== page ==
1st August, 2014 by Lauren Eads
A hospital in France is to open a wine bar for its terminally ill patients to allow patients to “enjoy” their final days.
Terminally ill patients at the Clermont-Ferrand hospital in central France will soon be able to attend “medically supervised wine tasting sessions” and invite friends and family into the hospital for a drink, according to reports by The Telegraph.
The bar, which has already been approved by authorities and is supported by patients, is set to open in September in the hospital’s Palliative Care Centre.
In justifying the move Dr Virginie Guastella, head of the unit who first proposed the idea, said hospitals should not deprive people reaching the end of their lives of “the traditional flavours” of France.
“A situation can be palliative for several weeks or even several months and it’s because life is so precious and real until the end that we decided to cultivate all that is fine and good,” Dr Guastella told The Local.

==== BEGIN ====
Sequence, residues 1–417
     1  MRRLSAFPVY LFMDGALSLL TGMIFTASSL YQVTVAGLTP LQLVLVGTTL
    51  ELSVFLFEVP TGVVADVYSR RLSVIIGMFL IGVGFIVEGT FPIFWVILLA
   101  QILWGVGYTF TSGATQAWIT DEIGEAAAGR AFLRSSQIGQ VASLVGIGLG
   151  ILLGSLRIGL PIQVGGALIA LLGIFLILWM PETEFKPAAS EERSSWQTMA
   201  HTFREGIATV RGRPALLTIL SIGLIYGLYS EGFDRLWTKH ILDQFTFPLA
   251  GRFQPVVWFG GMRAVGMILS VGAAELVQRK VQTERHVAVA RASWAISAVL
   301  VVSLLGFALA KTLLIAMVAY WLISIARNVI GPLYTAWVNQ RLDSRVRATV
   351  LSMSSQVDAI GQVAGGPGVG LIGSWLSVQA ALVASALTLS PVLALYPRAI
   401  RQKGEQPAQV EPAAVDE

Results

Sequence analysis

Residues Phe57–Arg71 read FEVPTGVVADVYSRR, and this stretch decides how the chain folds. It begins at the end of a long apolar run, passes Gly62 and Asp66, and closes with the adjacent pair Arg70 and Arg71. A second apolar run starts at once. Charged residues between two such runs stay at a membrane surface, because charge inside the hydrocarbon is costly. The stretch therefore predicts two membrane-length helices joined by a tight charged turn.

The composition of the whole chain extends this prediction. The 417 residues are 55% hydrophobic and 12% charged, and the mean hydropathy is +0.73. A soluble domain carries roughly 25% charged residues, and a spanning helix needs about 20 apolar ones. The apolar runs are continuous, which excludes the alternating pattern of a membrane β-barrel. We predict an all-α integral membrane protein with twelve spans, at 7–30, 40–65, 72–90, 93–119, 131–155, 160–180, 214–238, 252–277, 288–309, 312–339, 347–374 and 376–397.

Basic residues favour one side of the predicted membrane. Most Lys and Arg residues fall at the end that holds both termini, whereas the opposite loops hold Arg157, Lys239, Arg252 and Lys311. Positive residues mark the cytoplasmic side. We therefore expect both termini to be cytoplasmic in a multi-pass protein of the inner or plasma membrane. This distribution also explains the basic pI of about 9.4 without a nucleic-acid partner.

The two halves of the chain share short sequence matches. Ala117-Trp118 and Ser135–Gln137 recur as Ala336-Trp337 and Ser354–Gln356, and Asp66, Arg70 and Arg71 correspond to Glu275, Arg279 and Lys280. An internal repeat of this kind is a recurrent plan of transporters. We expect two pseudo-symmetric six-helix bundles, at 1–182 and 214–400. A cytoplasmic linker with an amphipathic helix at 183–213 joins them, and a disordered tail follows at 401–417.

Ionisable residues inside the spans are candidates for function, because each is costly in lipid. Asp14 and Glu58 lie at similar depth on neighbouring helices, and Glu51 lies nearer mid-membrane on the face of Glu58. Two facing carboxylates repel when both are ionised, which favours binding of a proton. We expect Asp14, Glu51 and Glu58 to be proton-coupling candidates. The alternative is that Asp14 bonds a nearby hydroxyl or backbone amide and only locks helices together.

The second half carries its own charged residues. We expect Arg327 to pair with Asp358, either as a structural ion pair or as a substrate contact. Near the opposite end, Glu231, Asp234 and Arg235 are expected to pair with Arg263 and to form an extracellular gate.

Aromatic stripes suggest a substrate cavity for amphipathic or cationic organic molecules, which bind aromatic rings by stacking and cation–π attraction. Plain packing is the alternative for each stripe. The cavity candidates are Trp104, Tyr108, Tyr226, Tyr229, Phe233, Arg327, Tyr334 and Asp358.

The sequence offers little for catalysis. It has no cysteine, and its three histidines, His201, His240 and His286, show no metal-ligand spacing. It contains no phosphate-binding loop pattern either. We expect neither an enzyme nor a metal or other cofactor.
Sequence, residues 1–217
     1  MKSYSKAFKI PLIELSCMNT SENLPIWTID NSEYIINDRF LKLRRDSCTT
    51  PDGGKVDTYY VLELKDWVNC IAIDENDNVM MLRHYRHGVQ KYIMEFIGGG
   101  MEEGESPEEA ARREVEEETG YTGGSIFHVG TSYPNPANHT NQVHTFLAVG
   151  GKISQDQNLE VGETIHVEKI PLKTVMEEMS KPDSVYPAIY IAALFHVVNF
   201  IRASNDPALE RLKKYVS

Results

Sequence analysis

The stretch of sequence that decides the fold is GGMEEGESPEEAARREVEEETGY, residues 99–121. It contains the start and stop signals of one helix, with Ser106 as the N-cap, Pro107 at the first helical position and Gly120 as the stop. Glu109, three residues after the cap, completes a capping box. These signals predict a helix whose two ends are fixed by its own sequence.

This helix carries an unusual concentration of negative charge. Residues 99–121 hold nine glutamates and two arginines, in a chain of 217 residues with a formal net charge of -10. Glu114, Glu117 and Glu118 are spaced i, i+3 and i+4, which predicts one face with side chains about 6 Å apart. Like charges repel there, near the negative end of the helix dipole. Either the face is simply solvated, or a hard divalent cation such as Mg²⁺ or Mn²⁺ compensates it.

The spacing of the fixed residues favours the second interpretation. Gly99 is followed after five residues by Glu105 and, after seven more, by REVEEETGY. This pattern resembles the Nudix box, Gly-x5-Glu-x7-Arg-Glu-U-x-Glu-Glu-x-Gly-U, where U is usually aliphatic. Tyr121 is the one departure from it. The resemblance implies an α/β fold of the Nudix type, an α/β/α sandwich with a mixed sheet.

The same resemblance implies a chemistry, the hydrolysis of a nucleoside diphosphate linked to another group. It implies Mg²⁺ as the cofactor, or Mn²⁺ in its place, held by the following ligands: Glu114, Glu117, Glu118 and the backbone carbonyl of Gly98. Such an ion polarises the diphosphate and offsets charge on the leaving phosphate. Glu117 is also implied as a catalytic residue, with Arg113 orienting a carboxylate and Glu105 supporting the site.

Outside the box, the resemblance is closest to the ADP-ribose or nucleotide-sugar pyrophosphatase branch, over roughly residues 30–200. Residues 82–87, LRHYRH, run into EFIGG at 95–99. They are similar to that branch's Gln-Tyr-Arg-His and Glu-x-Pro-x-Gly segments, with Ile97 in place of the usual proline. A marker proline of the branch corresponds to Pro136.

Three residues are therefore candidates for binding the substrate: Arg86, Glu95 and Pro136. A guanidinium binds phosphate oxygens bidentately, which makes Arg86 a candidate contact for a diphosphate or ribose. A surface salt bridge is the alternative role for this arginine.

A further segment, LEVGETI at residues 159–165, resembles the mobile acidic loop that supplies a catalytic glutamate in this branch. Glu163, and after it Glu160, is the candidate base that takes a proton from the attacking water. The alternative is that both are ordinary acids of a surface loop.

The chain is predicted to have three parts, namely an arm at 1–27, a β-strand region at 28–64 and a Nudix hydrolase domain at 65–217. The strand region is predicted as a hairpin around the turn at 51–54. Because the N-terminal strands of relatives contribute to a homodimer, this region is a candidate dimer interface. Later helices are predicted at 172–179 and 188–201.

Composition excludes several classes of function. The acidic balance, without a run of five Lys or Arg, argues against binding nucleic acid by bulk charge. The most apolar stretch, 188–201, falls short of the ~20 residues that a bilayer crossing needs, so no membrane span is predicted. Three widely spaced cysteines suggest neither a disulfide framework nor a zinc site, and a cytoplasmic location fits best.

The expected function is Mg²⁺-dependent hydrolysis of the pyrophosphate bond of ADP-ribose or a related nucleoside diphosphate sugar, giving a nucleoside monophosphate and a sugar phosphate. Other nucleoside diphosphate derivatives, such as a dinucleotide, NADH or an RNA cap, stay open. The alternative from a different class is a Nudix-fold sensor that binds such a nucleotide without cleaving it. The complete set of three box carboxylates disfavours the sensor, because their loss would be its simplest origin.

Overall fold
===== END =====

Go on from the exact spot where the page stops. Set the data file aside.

“It’s a way of rethinking the care of others, taking into account their feelings and emotions that make them a human being.”
The bar will stock a range of wines, Champagne and whisky, with the hospital also accepting donations from local people.
If successful, it’s hoped the idea could take off at other hospitals in France.
There are others in the medical profession who believe in the power of wine.
UK doctor William McCrea has been prescribing wine to his heart disease patients for the last 10 years, delivering 125ml measures of red to the beds of patients at the Great Western Hospital in Swindon where he works.
Earlier this month the French government scrapped a long held law which prevented employers from banning employees from drinking beer, wine and cider at work, with employers are now able to decide whether to impose a ban on staff or not.